Implications of new legislation (US FSMA) and guidelines (EC) on the establishment of management systems for agricultural water

A. Allende, A. R. Datta, W. A. Smith, R. Adonis, A. MacKay, A. D. Adell

Research output: Contribution to journalArticle

2 Citations (Scopus)


This report summarizes key messages related to agricultural water quality as discussed by an ad hoc panel at the 1st International Symposium of Food Safety in Santiago, Chile. Participating representatives of the academia, industry and government of diverse geographical backgrounds and the audience discussed topics such as (1) implications of the US Food Safety Modernization Act (FSMA: on the Agricultural Water Quality, (2) comparisons between MPN and CFU in analyzing water quality, (3) alternatives to fecal indicator bacteria (FIB) to be used as indicators to evaluate water quality, and (4) vegetative buffers as an alternative to reduce pathogen loads in agricultural surface waters. Panelists identified the following key messages for each topic discussed that are related to agricultural water quality: (1) the FSMA regulation and the new guidance document elaborated by the EC are highly relevant as they provide a definition of agricultural water and specific criteria for different water uses and circumstances; (2) FSMA supports modification from MPN to CFU; (3) Growers require more alternatives for treatment of agricultural water; (4) Vegetative buffers are a potential practical and feasible alternative for agriculture producers to reduce the pathogen and fecal pollution loads of in their agricultural waters.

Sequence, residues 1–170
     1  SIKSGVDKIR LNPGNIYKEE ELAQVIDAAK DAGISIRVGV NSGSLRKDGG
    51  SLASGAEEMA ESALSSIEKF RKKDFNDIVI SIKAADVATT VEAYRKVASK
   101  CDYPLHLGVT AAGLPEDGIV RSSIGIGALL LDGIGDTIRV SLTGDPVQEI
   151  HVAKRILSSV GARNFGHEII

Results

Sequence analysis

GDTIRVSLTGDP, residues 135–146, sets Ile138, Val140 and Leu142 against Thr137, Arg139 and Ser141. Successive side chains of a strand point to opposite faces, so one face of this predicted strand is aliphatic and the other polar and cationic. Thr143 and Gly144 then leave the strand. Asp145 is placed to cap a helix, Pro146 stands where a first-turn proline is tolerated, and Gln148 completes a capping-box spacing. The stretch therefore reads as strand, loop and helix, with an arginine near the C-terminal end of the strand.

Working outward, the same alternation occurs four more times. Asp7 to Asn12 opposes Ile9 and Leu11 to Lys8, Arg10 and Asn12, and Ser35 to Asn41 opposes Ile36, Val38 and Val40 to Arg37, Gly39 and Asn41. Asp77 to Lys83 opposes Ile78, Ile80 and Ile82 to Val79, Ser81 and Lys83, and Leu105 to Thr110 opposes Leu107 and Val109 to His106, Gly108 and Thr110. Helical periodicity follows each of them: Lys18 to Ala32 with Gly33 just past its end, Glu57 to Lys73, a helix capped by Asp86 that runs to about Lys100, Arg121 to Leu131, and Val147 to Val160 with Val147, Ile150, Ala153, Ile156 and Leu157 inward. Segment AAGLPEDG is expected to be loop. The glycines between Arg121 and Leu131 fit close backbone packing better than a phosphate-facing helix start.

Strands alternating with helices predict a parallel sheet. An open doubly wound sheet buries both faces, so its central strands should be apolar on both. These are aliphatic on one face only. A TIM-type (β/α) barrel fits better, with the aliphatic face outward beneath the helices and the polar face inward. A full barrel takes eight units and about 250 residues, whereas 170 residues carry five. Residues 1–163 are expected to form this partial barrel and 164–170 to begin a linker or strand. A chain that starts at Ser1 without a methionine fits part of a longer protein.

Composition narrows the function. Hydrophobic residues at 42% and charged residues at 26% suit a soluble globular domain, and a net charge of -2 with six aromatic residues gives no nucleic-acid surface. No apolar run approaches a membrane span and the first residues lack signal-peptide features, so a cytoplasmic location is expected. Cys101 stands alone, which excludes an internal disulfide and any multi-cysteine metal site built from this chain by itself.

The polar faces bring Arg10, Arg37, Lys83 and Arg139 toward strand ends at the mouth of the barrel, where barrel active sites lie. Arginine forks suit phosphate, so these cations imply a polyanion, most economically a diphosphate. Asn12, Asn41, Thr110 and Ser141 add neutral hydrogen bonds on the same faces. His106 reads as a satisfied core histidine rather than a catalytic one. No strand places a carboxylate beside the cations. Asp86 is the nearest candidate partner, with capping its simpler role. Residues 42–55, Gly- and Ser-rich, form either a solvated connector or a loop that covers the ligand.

Original languageEnglish
Pages (from-to)119-125
Number of pages7
JournalFood Microbiology
Publication statusAccepted/In press - 1 Jan 2017


  • Agriculture
  • Food safety
  • Indicators
  • Pathogens
  • Policy
  • Water quality

ASJC Scopus subject areas

  • Food Science
  • Microbiology

Fingerprint Dive into the research topics of 'Implications of new legislation (US FSMA) and guidelines (EC) on the establishment of management systems for agricultural water'. Together they form a unique fingerprint.

  • Cite this